Once we’re on to the supply chain, using those sophisticated marketing tools and bringing benefits of technology and marketing skills, we’re really helping grow those independent practices that haven’t had that sophistication in the past. When we partner with somebody, they stay as part of the business so that becomes a truly strong partnership and how we grow together.
IRW: Describe George and Matilda’s relationship with wholesalers, in light of the major supply chain changes over the last 18 months.
CB: We’re not one-size-fits-all, so we spend a lot of time understanding what works for an oncoming partner, what brands work and what ranges work.
We’ve got extensive supply arrangements for most suppliers in the country and the world.
Then what we do is we integrate slowly, so what we don’t want to do is go into a marketplace and say ‘oh we know better’. We work with a partner to say, ‘this is what’s really important to you, here’s what we’re finding at other practices’ and we let it evolve, learn, adapt and change.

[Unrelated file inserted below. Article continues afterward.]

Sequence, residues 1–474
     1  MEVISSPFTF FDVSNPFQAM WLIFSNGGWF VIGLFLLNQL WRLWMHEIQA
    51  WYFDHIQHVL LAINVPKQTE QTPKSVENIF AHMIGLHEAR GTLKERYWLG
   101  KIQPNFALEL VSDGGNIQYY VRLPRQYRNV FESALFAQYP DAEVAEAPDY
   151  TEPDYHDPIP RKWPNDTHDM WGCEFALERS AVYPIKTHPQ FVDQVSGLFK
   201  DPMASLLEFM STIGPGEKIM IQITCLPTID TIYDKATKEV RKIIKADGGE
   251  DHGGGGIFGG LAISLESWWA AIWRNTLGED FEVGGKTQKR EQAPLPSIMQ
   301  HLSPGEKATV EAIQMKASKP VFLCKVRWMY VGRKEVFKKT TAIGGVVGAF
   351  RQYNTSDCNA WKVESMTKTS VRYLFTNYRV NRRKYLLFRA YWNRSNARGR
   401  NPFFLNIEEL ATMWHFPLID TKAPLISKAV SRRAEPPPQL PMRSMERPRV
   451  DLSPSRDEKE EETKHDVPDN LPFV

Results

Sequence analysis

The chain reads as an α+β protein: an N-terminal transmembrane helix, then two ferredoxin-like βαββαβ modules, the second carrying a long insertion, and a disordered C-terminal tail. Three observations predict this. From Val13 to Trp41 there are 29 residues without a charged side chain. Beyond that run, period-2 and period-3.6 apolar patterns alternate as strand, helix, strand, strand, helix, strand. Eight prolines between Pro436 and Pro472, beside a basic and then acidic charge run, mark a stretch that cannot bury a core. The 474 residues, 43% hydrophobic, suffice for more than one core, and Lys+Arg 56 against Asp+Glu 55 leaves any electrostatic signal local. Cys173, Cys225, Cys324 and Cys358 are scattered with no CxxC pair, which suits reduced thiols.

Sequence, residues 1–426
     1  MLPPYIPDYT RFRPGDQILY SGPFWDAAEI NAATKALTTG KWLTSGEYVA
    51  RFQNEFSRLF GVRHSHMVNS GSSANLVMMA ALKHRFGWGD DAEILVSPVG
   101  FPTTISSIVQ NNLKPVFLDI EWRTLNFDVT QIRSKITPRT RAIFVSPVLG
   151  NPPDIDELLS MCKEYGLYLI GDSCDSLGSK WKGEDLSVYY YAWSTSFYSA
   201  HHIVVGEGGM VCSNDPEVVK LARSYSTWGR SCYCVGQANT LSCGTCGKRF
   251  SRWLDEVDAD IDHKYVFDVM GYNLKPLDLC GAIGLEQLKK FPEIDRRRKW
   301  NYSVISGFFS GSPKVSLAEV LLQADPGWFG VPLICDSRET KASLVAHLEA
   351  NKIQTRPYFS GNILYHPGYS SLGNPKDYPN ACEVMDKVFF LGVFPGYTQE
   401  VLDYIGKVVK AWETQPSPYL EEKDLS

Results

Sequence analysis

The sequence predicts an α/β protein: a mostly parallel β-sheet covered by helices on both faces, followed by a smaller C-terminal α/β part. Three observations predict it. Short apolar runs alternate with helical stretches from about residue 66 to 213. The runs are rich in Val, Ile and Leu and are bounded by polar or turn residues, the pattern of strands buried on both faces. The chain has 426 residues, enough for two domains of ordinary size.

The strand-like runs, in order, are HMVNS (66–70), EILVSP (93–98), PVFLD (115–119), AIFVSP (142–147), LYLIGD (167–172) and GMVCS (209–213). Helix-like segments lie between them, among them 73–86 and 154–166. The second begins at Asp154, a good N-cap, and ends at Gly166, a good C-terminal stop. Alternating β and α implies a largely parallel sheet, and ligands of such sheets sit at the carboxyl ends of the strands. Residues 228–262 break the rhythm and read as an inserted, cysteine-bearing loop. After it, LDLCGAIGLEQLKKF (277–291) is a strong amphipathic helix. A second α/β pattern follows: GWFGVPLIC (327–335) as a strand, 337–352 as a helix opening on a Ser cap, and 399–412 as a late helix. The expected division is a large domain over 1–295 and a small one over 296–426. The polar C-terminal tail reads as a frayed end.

We basically customise assortments for every single practice that our technology allows us to. Each practise is basically a different assortment based on what they believe, the customers they have, demographics and what sold in the past.
Over time, products that don’t move, we can then go back and in a formal way and say ’we have a sophisticated retail supply chain that tells us this product doesn’t turn, we’re finding that this one in a different area, this demographic works’.
The benefit of the suppliers is they know that as they work with us, we take costs of gearing out of the supply chain because we’re fully electronic and data-oriented.
Whereas those in the independent market are not, so the cost of them doing business is call centres and other things, whereas ours is digitally linked.